How To Go From Backyard Airsoft To Field Games

How To Go From Backyard Airsoft To Field Games | AirsoftWarrior.net

One of the places many airsofters first get to experience a game is in a backyard.  A couple of spring pistol battles later and their hooked.  After awhile, they want to expand beyond those small battles on the lawn and check out what the rest of the airsoft world has to offer, namely dedicated airsoft field games!  But the transition from the casual backyard games to the highly competitive and structured field scenarios can be a harsh one.  If you want to learn more about how to make this transition better and help other players too, you’ve come to the right place!

(Note:  Backyard games must be safe and comply with local laws at all times.  Be sure to do your research and require full seal eye protection as well as proper face protection at all the game you host or play in.  The backyard is not a time to slack off or stop using common sense.  Respect your neighbors and notify them if you plan on playing.  If you think you shouldn’t play, DON’T!  The airsoft community thanks you for keeping the sport honorable and safer for everyone.)

 

Prepare, Prepare, Prepare

The biggest thing to remember when you’re going to your first field game is to be prepared (in case the title of this section didn’t get your attention).  Preparedness requires that you hone your skills on more than just the tactical level (although you’ll want to spend a lot of time on that too!).

The first way you can prepare for a field game is mentally.  Understand that field games aren’t really like a backyard game.  There will be a lot of people you don’t know and they will all have a different style of airsoft.  Some of them will have a lot more experience and understand how to “play” the field better.  Don’t let that concern you.  You just have to mentally accept the fact that not everything is going to go right and you may be sitting in respawn a bit more than usual for the first few rounds.

Research is another valuable tool to use when you are preparing.  Look up the rules of the field and the layout if possible.  Use a program like Google Earth to see a satellite view of an outdoor field, or ask players that have visited the field before to give you some tips or draw a simple map.  If you understand the dynamics of the field, you can prepare for the most likely scenarios that will occur.

 

Train for the Field

If you have prepared properly and understand as much as possible about the field itself, then you should take some time to implement that knowledge.  Go out and practice running scenarios specifically for the field.  Implement proper tactics and shooting principles to enhance your skills.  The muscle memory you build, and your better understanding of tactics, will boost your confidence when you show up at the field.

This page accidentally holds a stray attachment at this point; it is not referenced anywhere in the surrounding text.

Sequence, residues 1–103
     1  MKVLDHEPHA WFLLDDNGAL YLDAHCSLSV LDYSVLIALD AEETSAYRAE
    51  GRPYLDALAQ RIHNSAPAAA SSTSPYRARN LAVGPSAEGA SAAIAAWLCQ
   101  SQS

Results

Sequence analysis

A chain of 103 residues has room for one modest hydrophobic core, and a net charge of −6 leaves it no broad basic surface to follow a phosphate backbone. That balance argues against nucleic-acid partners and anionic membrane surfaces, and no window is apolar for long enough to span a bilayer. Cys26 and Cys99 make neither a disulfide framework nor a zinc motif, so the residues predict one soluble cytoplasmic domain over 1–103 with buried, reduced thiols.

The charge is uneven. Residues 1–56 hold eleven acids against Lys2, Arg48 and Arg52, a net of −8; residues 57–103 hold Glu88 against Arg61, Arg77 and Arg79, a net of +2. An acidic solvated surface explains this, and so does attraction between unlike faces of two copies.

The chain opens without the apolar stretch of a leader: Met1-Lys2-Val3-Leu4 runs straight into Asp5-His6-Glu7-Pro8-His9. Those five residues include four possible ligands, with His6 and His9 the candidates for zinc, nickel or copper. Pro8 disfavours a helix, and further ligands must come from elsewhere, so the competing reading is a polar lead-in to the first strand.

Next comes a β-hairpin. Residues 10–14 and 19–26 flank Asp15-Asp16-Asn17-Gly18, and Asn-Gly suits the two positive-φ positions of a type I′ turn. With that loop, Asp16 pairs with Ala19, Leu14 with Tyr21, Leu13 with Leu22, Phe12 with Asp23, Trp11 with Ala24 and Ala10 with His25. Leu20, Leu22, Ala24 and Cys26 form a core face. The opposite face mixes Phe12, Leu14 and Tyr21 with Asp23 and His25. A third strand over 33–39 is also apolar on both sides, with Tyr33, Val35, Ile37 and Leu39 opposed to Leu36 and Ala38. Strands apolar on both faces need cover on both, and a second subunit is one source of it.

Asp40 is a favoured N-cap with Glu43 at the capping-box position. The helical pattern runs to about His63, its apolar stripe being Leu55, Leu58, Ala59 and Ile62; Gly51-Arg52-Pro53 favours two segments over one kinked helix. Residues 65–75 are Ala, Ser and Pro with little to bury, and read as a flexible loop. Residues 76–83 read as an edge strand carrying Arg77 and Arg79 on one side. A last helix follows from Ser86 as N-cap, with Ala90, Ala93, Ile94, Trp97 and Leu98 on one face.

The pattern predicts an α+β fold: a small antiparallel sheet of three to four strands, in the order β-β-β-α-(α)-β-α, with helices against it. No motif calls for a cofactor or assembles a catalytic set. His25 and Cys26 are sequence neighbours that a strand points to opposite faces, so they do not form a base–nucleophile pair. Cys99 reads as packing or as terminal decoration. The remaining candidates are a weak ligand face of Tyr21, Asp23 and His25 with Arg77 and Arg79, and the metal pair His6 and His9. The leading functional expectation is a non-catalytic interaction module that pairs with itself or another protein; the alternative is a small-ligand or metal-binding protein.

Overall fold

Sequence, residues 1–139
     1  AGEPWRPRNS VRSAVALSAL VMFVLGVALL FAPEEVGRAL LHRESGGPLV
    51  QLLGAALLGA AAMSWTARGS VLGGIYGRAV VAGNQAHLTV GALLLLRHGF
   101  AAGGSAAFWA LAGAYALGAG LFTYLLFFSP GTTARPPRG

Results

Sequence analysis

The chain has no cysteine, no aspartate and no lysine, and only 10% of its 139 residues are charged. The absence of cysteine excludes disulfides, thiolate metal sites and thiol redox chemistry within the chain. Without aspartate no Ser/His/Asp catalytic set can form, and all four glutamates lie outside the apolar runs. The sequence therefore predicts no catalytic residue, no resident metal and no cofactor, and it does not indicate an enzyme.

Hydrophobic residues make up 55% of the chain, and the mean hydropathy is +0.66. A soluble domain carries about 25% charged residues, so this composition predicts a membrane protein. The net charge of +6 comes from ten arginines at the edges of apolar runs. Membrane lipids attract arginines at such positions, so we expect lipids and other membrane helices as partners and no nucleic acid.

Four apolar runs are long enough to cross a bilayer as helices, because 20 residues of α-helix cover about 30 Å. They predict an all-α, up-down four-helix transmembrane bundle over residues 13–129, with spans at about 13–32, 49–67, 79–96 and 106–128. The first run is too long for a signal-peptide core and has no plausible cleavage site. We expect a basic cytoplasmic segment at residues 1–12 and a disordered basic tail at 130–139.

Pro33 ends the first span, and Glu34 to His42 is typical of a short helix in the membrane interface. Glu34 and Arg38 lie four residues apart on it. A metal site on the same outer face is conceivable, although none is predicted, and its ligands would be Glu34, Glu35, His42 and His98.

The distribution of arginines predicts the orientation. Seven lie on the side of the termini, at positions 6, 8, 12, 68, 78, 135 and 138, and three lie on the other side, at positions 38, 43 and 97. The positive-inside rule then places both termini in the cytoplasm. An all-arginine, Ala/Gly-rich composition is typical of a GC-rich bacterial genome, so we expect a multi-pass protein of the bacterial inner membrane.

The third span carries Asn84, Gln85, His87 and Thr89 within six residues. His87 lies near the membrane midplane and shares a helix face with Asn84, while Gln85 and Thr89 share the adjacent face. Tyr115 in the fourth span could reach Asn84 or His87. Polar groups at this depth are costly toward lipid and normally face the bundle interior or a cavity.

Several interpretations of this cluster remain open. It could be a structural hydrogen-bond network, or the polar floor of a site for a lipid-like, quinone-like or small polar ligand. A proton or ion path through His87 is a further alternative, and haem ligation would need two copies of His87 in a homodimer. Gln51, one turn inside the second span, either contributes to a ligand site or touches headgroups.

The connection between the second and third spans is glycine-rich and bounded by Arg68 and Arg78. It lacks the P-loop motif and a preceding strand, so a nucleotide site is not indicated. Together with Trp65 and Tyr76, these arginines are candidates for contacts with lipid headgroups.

Here are some training ideas:

  • Watch videos from the field and analyze the tactics used.
  • Practice the different shooting positions (standing, kneeling, prone, etc.).  Both supported and unsupported.
  • Have a backyard game and try out some squad tactics.
  • Practice using different communication skills to relay battle information.

 

Gear

Proper gear is a vital to making the transition from backyard to field games easier.  Make sure you have the basic gear you need for the field you are visiting (right BB weight and number of BBs, batteries, hydration, kill rags, eye and face protection, etc.).  Don’t worry about having the best gear or most tacticool load out.  This is your first field game.  Just bring what you NEED and use the game to learn what you WANT in the future.

HERE is a link to my Basic Gear List to give you some ideas of what you may need to bring to your first field game.  Check the field’s website or give them a call if you want further information on recommended gear.

 

Extra Tips:

Here are a few ways to make your field experience better:

  • Arrive earlier than you think you need to if possible.  You’ll have more time to set up your gear and get settled in.
  • Fill out your field safety waiver before hand (most fields post them on their website).
  • Organize your gear and know where everything is so you can find it quickly in between games.
  • BRING WATER!
  • Bring a small repair kit or tool box for minor fixes on both guns and gear.
  • Remind yourself that you are there to have FUN!

 

Thank you for reading this post.  If you have any questions, leave them in the comments and I would be happy to answer them.  Also, let me know any tips you have for making backyard to field game transitions better!

 

 

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One Comment

  1. Great post TAW!

    I think the greatest point for me was communication. It seems many people don’t realize they are playing with more people than just the friends they brought. Clear, consistent communication is by far a major determining factor in any scenario I have found myself in. When the group as a whole is silent, we don’t make it far. When the group as a whole is talking, we typically win.

    Keep it up!

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